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Publisher's Summary

In a major work of scholarship both erudite and very funny, Jeremy Dauber traces the origins of Jewish comedy and its development from Biblical times to the age of Twitter.

Organizing his book thematically into what he calls the seven strands of Jewish comedy - including the satirical, the witty, and the vulgar - Dauber explores the ways Jewish comedy has dealt with persecution, assimilation, and diaspora through the ages. He explains the rise and fall of popular comic archetypes such as the Jewish mother, the JAP, and the schlemiel and schlimazel. And he explores an enormous range of comic masterpieces, from the Book of Esther, Talmudic rabbi jokes, Yiddish satires, Borscht Belt skits, Seinfeld, and Curb Your Enthusiasm to the work of such masters as Sholem Aleichem, Franz Kafka, the Marx Brothers, Woody Allen, Joan Rivers, Philip Roth, Sarah Silverman, and Jon Stewart.

©2017 Blackstone Audio, Inc. (P)2017 Blackstone Audio, Inc.

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  • Overall
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  • GoingGoingGone...
  • 2017-12-13

My favorite book!

And that’s saying something, because I really love books.

The author loves his subject, and his People. You can truly sense it. He brings to us the benefit of a vast Jewish literacy as manifest in the Book of Genesis, the Book of Esther, the Talmud, Jewish secular literature, all of which accompanied us through Diasporas and to our sovereignty in Israel. The scope is vast, and yet he pulls it all together with skill with sensitivity and authenticity. I highly recommend this not only as a history of Jewish comedy, but also as a history of Jewish life and the values that frequently conflict in Jewish living. It is a history less of Jewish Comedy than it is of Jewish Laughter.

8 people found this helpful

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  • supermantwo
  • 2020-08-31

Not funny

I was expecting a book of Jewish jokes. Got a intellectual treatise on Jewish humor instead.

7 people found this helpful

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  • Brian
  • 2020-01-20

How Do You Spoil A Joke?

Explain it.

The book is fine for what it is. What it is, is more of a textbook-like history and background of Jewish humor. It explains context and why certain jokes were created and explains the humor of the times in which the jokes were created. And, yes, there's quite a bit of "this is funny because. . . ." Nice for learning, but for entertainment? Meh.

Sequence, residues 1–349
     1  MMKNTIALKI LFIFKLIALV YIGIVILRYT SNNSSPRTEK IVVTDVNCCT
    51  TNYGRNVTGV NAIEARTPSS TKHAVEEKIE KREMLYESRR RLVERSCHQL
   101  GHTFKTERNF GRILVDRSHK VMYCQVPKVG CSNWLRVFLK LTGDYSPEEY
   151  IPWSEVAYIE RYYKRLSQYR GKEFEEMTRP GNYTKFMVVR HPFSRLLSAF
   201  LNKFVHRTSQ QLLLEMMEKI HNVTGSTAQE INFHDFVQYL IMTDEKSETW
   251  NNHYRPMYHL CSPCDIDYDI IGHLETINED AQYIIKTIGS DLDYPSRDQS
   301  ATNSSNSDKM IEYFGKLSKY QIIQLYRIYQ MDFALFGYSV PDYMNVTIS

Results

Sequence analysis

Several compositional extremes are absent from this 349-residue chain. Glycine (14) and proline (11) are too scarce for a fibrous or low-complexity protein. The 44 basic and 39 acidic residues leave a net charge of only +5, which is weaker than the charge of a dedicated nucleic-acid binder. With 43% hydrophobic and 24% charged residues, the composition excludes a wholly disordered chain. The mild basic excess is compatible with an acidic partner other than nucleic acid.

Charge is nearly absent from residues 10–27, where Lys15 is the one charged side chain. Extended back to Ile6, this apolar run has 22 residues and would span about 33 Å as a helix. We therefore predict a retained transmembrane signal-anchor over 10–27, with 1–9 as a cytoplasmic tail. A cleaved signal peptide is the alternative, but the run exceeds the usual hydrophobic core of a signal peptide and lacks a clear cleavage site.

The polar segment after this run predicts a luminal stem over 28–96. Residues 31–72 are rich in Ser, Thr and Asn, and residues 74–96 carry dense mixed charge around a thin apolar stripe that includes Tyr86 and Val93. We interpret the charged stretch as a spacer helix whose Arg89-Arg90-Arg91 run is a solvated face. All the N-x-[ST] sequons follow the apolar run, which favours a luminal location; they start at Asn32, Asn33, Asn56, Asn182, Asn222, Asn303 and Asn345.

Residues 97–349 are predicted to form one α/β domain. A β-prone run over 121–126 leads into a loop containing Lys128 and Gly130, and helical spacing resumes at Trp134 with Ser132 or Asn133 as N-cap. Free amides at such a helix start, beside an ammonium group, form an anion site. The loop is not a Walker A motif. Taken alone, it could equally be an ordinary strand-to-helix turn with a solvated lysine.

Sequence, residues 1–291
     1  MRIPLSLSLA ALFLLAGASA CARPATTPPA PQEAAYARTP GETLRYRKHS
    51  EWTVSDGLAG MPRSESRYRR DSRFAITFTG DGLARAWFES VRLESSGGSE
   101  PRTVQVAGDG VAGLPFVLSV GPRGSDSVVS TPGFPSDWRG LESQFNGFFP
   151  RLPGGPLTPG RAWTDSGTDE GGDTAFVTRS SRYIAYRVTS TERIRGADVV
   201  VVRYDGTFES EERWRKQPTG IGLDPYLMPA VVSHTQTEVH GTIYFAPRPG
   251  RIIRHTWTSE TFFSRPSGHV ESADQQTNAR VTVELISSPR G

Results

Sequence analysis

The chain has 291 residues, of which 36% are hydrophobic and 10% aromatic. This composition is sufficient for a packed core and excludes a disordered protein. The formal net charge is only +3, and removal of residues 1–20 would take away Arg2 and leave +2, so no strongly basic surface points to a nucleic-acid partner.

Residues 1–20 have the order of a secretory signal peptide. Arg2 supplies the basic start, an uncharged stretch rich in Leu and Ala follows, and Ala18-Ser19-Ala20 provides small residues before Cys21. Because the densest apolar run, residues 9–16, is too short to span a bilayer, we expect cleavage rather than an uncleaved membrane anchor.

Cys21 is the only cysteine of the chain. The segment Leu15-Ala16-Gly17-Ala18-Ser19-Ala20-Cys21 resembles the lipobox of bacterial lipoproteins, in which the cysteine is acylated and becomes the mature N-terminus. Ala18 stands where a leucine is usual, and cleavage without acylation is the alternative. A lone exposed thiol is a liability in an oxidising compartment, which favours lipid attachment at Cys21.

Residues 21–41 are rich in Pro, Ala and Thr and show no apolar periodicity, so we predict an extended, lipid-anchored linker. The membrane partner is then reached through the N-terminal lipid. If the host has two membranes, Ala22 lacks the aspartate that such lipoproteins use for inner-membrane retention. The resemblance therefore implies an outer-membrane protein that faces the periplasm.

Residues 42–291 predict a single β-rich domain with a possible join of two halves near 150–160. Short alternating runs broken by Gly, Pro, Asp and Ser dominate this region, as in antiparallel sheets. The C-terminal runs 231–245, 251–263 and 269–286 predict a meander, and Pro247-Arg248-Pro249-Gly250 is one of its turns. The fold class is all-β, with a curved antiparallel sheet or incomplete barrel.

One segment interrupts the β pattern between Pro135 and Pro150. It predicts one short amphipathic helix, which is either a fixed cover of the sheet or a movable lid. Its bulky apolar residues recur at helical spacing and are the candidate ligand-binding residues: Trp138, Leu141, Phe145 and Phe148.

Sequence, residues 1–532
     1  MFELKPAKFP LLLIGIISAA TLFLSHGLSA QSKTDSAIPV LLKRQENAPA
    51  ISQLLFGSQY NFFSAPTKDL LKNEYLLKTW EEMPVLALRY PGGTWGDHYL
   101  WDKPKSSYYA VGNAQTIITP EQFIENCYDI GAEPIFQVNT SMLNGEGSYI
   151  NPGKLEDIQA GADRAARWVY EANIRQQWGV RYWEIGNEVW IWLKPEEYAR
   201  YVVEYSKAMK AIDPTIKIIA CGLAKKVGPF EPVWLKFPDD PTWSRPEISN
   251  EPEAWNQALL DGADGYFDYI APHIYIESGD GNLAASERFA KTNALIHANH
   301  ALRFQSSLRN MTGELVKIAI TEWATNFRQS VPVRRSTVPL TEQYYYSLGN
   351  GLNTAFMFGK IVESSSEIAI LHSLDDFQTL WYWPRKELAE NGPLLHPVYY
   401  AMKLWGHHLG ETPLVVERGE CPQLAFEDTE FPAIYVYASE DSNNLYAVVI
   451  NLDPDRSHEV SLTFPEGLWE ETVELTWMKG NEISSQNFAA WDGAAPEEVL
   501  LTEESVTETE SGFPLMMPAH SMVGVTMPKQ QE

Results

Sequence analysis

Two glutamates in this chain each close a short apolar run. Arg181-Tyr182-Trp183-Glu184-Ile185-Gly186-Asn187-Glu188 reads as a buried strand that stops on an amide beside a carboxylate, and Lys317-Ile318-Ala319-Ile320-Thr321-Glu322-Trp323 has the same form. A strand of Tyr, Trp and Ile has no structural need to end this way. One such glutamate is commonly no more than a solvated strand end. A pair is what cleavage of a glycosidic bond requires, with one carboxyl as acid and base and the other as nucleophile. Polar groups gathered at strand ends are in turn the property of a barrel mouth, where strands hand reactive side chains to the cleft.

6 people found this helpful

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  • Property Guy
  • 2017-12-24

Really makes you think about the origins of comedy

Would you recommend this audiobook to a friend? If so, why?

Absolutely. There were connections made with ancient comedy that put several theological thoughts in a completely different light. It really makes you think about all that has come before as the basis of Jewish Comedy.

Was this a book you wanted to listen to all in one sitting?

Yes.

Any additional comments?

Mr. Dauber has a fabulous understanding of the medium and it's history. The tone is lighthearted, but very intellectually stimulating.

6 people found this helpful

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  • Hans Rigelman
  • 2020-11-09

One of the Best Books on Jewish Humor - Seriously!

I love Jewish humor. I would have cried when Seinfeld went off the air, but I'm okay with reruns. As an author Dauber does a great job covering the Biblical origins of humor rooted in the suffering of the Jews at the hands of their enemies. As a narrator he has just the right inflection for his joke telling. I also picked up on some Yiddish - not bad for a goy.

4 people found this helpful

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  • Moud Barthez
  • 2021-10-05

Light and delight

A nice short delight book, cracked me multiple times and conveyed itself messages and historical information pleasantly.
I liked this book.

1 person found this helpful

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  • Chavie Fiszer
  • 2021-08-20

Interesting but incomplete

Enjoyable and engaging book, excellent performance. However there should’ve been a subtitle: Jewish comedy in AMERICA. Comedy in Israel gets only a cursory look— examining the differences and similarities between comedy in the Jewish homeland and the diaspora would’ve added a fascinating dimension to this book.

1 person found this helpful

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  • Fr. S.
  • 2021-01-23

Fine reflections

Many good insights into humor in general and specifically to the Jewish experience. Good listen.

1 person found this helpful

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  • ruth gilboa
  • 2018-12-06

Not funny!

Disappointing!
Author/reader boring!!!
Original material funny but reader ruins it all every time. Would have tomatoes and eggs thrown at him at any comedy shows
!

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  • BfloBen
  • 2022-04-18

Ok book on Jewish humor marred by inept reading

This guy-- reading lessons he could use.... YES.. verbal tics... two prominent.. At the end of many sentences he lowers his voice....which I find annoying. Didn't anyone tell him he was dong it? The other is that he does not vary his speech patterns which, to this listener, is tedious to the ears. Another minor defect is that his selection of humor includes too many oft repeated jokes. Good news-- this item from the Plus Catalog is worth every penny I didn't pay for it.